For any child, moving to a new place can evoke uncertainty and anxiety. For foster children, a placement change, moving to a new foster home, is a potential source of upheaval. In this report, we analyze the consequences of the disruption in foster youth, provide an overview of best practices to minimize their impact, and offer a list of policy changes that could help increase stability for children and youth in state care.
Older youth and children who have been in foster care longer tend to experience more placement changes.
A vicious cycle: youth who have experienced repeated placement changes often show maladaptive behavior, which may contribute to more instability in future placements.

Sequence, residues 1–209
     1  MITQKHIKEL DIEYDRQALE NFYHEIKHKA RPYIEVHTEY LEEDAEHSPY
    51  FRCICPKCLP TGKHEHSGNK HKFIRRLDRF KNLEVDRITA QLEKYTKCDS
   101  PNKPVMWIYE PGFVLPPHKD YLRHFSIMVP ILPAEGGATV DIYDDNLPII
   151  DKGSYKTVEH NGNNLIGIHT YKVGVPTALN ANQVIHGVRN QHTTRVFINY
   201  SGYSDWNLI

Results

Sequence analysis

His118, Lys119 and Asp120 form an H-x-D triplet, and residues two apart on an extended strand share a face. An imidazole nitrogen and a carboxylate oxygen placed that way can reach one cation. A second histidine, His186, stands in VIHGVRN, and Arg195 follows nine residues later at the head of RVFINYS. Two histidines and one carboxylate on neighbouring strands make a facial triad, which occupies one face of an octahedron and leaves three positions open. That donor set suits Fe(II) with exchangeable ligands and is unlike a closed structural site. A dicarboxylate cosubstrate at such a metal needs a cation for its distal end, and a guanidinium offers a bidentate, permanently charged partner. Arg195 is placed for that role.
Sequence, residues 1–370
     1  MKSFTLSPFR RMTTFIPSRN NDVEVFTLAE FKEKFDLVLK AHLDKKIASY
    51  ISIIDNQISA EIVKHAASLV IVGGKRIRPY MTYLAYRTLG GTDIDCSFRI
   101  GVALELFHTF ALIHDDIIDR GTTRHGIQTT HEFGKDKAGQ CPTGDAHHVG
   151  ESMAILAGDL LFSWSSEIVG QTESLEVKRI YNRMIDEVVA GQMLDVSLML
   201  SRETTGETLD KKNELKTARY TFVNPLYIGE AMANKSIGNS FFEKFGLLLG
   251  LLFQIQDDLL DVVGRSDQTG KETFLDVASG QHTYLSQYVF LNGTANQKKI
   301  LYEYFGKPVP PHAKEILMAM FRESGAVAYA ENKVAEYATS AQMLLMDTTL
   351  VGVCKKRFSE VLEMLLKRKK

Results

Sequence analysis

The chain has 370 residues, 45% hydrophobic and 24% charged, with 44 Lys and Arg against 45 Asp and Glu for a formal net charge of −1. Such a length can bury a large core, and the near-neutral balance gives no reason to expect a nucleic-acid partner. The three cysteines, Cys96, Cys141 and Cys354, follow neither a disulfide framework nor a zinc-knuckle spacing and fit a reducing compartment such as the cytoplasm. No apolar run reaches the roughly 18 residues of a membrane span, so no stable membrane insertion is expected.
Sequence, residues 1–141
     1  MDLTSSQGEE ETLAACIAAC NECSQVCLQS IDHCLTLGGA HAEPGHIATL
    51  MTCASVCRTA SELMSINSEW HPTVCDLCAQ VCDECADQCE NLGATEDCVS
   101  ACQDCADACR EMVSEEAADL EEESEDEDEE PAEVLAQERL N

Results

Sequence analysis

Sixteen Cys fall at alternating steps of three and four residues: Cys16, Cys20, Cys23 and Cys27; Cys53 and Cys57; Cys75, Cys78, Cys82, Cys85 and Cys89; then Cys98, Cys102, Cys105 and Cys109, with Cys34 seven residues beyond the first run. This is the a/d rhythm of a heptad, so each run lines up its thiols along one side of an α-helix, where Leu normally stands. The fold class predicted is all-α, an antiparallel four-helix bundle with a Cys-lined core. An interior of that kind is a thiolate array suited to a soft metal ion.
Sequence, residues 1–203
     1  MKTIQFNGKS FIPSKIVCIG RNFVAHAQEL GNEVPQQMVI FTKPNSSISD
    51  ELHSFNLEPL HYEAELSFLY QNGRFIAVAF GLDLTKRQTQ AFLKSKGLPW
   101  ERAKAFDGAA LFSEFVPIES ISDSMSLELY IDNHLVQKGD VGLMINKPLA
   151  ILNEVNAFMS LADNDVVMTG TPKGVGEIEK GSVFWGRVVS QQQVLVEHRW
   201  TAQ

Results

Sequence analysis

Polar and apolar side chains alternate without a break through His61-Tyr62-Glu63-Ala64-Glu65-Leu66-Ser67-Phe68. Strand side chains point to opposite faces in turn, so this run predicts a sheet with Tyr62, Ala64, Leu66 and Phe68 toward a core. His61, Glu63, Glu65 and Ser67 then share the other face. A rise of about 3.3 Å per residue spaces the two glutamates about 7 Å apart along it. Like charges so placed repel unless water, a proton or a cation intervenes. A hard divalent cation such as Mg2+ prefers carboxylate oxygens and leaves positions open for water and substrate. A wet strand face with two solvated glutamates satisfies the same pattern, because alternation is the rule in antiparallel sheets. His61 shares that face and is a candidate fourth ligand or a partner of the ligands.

With one fewer placement change per year, youth are 1.8 times more likely to graduate high school.
Experiencing multiple placements in childhood is associated with lower life satisfaction, low self-efficacy, and more criminal convictions in adulthood.
In Connecticut, youth experience an average of moves per 1,000 days in foster care, compared to the 4.12 national average.
This report was updated on February 6, 2018, to reflect one new piece of data and clarification concerning the population of children included within the CFSR placement stability rate.